Social Question

Val123's avatar

If you were visiting another culture and they expected you do to something that they viewed as an important part of their culture, but which you viewed as totally unacceptable in YOUR culture, what would you do?

Asked by Val123 (12679points) February 19th, 2010

The question about eating human flesh prompted this.

If it is a serious insult in a culture you’re visiting to not do something they expect of you, but in your culture what they want you to do would be viewed as hideous or immoral, what should the right course of action be?

Same goes for someone visiting your culture…who’s job is it to resolve this issue? The visitor or the host?

Observing members: 0 Composing members: 0

23 Answers

DominicX's avatar

I would not do something that went against what I believe in terms of right and wrong, regardless of what the culture I’m visiting thinks. My personal values trump those of the people I’m visiting.

jeffgoldblumsprivatefacilities's avatar

I can only do what I am comfortable doing. I can’t help if my action or inaction offends other cultures, I’m sticking to my values.

the100thmonkey's avatar

Is there a culture, more exactly people – that would expect you to behave like them? In my experience, people are generally forgiving of outsider guests.

I guess if I were in such a position, I would leave.

tinyfaery's avatar

If I’m not okay with it, I am not doing it. I don’t care who I insult.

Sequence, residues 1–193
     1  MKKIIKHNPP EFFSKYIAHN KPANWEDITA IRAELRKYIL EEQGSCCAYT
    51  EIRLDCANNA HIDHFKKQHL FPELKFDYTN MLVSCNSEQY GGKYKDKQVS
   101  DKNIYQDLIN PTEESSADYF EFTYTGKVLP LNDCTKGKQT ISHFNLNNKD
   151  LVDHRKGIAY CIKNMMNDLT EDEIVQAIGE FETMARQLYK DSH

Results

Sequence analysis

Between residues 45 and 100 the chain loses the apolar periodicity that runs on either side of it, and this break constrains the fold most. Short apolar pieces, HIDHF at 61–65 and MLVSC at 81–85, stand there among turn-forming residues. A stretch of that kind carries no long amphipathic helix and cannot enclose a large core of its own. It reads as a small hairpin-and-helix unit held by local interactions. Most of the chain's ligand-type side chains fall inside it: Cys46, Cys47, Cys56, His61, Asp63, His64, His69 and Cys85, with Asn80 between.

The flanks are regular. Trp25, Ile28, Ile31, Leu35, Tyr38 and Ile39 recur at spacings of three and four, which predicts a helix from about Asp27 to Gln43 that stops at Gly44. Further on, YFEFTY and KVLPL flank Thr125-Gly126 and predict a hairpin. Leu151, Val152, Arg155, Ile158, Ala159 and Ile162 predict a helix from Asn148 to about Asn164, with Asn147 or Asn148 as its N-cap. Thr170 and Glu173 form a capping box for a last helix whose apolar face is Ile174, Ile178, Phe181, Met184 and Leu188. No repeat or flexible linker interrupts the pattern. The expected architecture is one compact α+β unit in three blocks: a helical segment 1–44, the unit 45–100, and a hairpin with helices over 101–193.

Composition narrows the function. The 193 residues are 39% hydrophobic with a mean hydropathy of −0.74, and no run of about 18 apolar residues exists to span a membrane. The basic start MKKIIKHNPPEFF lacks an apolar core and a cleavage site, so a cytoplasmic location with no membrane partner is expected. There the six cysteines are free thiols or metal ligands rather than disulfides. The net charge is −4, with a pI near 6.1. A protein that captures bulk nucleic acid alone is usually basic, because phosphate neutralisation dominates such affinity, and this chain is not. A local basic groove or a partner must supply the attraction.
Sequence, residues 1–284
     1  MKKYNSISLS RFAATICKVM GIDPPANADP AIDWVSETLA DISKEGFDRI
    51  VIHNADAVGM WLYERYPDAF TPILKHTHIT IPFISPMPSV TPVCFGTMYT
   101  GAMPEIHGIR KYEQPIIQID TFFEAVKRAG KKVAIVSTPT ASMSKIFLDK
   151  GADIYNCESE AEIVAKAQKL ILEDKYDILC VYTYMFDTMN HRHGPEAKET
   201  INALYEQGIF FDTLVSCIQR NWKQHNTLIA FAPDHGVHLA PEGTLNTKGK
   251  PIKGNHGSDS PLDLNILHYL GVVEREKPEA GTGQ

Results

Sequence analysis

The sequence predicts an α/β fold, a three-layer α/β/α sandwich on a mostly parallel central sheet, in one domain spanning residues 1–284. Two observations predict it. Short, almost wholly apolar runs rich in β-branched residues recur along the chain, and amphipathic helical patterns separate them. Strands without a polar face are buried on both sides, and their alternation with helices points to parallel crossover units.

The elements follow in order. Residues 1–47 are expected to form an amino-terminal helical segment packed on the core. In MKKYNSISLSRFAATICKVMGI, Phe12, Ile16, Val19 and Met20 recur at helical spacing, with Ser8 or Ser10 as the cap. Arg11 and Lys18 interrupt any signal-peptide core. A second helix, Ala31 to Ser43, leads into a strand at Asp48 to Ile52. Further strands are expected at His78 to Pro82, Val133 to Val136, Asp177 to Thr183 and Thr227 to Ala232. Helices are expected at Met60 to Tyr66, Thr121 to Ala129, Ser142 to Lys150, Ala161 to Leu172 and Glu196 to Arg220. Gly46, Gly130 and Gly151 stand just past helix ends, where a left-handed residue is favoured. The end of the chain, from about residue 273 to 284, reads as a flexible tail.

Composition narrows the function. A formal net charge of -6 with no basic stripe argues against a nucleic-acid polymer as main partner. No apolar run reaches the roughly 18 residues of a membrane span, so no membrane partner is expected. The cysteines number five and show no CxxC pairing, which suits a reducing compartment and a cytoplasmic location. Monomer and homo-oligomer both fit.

Val123's avatar

@the100thmonkey Well, I’m thinking of things like the culture clashes in the Old West between the white men and the Indians, when people weren’t so universally educated and enlightened. Or, like in Shogun….I vaguely remember a scene where if he didn’t do some thing, he could be put to death.

DominicX's avatar

@Val123

Well, there are different scales of “differences”. If I were from culture A and I’m visiting culture B:

In culture B, it’s considered insulting to wear red.
Well, then, I’m not going to wear it when I visit them. I don’t need to be an asshole about it. Wearing red is not such an important part of who I am that I can’t give it up when I’m in a certain place.

In culture B, you’ll be looked on as an insulting jerk if you don’t eat human flesh.
I still wouldn’t do it. They can dislike me all they want.

In culture B, you’ll be killed if you don’t have sex with a 12 year old.
What the hell am I doing here in the first place?

Val123's avatar

@DominicX LOL! Great answers!

Sarcasm's avatar

I would hope that my host culture would understand that I am not from their culture, and they should realized that my inability to recreate that which they do is not intended to be an insult to them, but rather something that I was raised not to do. We are all products of our environment.

But it entirely depends on what the task is, and how much value they place in it. Like @DominicX‘s examples, for example. I’d have no problem avoiding the color red. I’d have no problem wearing nothing but red.

If they were going to skin me alive for not eating human flesh, I’d take some nibbles.